Rudolf Carnap

Rudolf Carnap (/ˈkɑːrnæp/;[15] German: [ˈkaɐ̯naːp]; May 18, 1891 – September 14, 1970) was a German-language philosopher who was active in Europe before 1935 and in the United States thereafter. He was a major member of the Vienna Circle and an advocate of logical positivism. He is considered "one of the giants among twentieth-century philosophers."[16]

Rudolf Carnap
BornMay 18, 1891
DiedSeptember 14, 1970 (aged 79)
EducationUniversity of Jena (PhD, 1921)
Era20th-century philosophy
RegionWestern philosophy
Vienna Circle
Logical positivism
Logical atomism[2]
Logical behaviorism[3]
ThesisDer Raum (Space) (1921)
Main interests
Logic · Epistemology
Philosophy of science
Notable ideas
Phenomenalism in linguistic terms
Logical behaviorism[3]
Analytic–synthetic distinction (revised)
Internal–external distinction
Semantics for modal logic
Constructed systems
Conceptual schemes
Formal epistemology
Framework-relative constitutive a priori[5]
Beobachtungssatz (observational statement)
Carnap's categoricity (Monomorphie)[7] problem
Forkability theorem (Gabelbarkeitssatz): "every complete axiom system is also categorical (monomorph)"[8][9]
Logical positivism
Epistemic structural realism[10]
L-true (logically true) statements[11]
Carnap sentences[11]
Three kinds of space: formal, physical and perceptual
Elimination of metaphysics through logical analysis[12]
Carnapian explication[13]
Principle of tolerance[14]

Life and work

Wuppertal Ronsdorf - Villa Carnap 01 ies
Carnap's birthplace in Wuppertal

Carnap's father had risen from the status of a poor ribbon-weaver to become the owner of a ribbon-making factory. His mother came from academic stock; her father was an educational reformer and her oldest brother was the archaeologist Wilhelm Dörpfeld. As a ten-year-old, Carnap accompanied his uncle on an expedition to Greece.[17] Carnap was raised in a religious family, but later became an atheist.[18]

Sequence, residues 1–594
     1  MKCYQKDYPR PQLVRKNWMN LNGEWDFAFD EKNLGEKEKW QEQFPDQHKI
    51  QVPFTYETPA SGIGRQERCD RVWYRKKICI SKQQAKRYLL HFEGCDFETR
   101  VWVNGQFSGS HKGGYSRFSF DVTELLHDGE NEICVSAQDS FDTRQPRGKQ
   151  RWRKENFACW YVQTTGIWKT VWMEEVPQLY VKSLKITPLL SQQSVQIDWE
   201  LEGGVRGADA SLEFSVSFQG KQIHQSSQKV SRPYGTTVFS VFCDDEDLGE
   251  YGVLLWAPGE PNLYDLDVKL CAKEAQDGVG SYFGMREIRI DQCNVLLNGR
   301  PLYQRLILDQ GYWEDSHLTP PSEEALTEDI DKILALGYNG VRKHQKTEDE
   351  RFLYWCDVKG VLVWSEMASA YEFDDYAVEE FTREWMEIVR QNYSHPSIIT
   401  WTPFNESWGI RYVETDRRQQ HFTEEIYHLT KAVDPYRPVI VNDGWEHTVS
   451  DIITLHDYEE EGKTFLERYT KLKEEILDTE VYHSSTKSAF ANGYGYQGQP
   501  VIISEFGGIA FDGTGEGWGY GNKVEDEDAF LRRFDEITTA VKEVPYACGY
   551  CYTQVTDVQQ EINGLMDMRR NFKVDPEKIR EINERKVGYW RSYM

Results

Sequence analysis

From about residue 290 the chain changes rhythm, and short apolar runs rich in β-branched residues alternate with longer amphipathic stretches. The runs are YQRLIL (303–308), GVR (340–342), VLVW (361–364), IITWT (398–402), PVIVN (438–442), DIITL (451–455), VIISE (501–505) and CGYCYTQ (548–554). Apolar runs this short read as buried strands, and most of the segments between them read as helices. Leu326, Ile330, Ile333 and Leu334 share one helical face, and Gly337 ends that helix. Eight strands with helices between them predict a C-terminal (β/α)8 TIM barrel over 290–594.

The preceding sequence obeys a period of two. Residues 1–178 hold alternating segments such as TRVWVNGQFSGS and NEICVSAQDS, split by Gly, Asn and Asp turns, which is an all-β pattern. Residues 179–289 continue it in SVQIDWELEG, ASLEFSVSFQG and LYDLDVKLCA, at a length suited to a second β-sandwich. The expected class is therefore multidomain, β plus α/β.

He began his formal education at the Barmen Gymnasium. From 1910 to 1914, he attended the University of Jena, intending to write a thesis in physics. But he also studied carefully Kant's Critique of Pure Reason during a course taught by Bruno Bauch, and was one of very few students to attend Gottlob Frege's courses in mathematical logic. While Carnap held moral and political opposition to World War I, he felt obligated to serve in the German army. After three years of service, he was given permission to study physics at the University of Berlin, 1917–18, where Albert Einstein was a newly appointed professor. Carnap then attended the University of Jena, where he wrote a thesis defining an axiomatic theory of space and time. The physics department said it was too philosophical, and Bruno Bauch of the philosophy department said it was pure physics. Carnap then wrote another thesis in 1921, with Bauch's supervision, on the theory of space in a more orthodox Kantian style, and published as Der Raum (Space) in a supplemental issue of Kant-Studien (1922).

Frege's course exposed him to Bertrand Russell's work on logic and philosophy, which put a sense of the aims to his studies. He accepted the effort to surpass traditional philosophy with logical innovations that inform the sciences. He wrote a letter to Russell, who responded by copying by hand long passages from his Principia Mathematica for Carnap's benefit, as neither Carnap nor his university could afford a copy of this epochal work. In 1924 and 1925, he attended seminars led by Edmund Husserl,[19] the founder of phenomenology, and continued to write on physics from a logical positivist perspective.

Carnap discovered a kindred spirit when he met Hans Reichenbach at a 1923 conference. Reichenbach introduced Carnap to Moritz Schlick, a professor at the University of Vienna who offered Carnap a position in his department, which Carnap accepted in 1926. Carnap thereupon joined an informal group of Viennese intellectuals that came to be known as the Vienna Circle, directed largely by Moritz Schlick and including Hans Hahn, Friedrich Waismann, Otto Neurath, and Herbert Feigl, with occasional visits by Hahn's student Kurt Gödel. When Wittgenstein visited Vienna, Carnap would meet with him. He (with Hahn and Neurath) wrote the 1929 manifesto of the Circle, and (with Hans Reichenbach) initiated the philosophy journal Erkenntnis.